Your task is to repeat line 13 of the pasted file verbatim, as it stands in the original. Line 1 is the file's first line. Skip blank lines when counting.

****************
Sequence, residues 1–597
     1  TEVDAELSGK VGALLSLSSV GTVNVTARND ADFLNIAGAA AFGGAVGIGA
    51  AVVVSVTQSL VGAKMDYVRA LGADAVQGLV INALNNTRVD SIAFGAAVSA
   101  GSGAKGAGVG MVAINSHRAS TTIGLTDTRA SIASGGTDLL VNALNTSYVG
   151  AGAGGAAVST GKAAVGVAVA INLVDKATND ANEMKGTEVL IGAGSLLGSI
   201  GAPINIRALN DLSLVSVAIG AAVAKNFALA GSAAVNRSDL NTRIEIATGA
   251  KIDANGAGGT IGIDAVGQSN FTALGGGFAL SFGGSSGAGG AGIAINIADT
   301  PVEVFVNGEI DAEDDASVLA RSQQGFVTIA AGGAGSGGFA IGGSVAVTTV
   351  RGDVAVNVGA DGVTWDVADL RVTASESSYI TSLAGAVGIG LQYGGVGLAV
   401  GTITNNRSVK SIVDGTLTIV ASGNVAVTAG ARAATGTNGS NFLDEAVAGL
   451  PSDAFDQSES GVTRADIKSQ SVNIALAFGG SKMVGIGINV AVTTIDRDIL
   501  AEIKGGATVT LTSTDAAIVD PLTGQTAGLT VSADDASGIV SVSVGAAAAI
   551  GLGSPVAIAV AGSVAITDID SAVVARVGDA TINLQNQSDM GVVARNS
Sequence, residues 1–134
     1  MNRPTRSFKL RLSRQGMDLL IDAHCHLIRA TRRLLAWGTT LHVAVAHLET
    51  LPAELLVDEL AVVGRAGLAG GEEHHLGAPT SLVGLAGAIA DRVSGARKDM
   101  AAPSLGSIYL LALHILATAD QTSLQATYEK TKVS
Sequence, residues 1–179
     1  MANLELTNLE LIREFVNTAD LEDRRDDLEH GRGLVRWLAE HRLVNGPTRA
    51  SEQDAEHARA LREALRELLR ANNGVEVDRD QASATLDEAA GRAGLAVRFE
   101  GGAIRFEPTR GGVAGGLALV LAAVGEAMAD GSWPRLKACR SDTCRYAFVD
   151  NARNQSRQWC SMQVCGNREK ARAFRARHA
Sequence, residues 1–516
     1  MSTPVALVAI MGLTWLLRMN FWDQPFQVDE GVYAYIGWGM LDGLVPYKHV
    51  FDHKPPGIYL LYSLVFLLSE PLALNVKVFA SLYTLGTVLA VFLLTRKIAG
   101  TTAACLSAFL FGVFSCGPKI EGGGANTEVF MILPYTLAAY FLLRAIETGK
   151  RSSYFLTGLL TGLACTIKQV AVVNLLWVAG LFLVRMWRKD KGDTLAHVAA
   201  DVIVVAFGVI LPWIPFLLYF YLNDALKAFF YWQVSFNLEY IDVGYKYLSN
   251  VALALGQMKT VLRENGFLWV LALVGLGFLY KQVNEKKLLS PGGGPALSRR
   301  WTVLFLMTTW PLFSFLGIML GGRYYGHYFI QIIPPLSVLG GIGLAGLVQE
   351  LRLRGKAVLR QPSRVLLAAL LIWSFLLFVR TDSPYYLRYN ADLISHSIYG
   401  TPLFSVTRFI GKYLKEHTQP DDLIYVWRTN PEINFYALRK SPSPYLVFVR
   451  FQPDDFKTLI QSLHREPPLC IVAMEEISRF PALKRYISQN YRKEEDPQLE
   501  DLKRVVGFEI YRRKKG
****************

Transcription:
   551  GLGSPVAIAV AGSVAITDID SAVVARVGDA TINLQNQSDM GVVARNS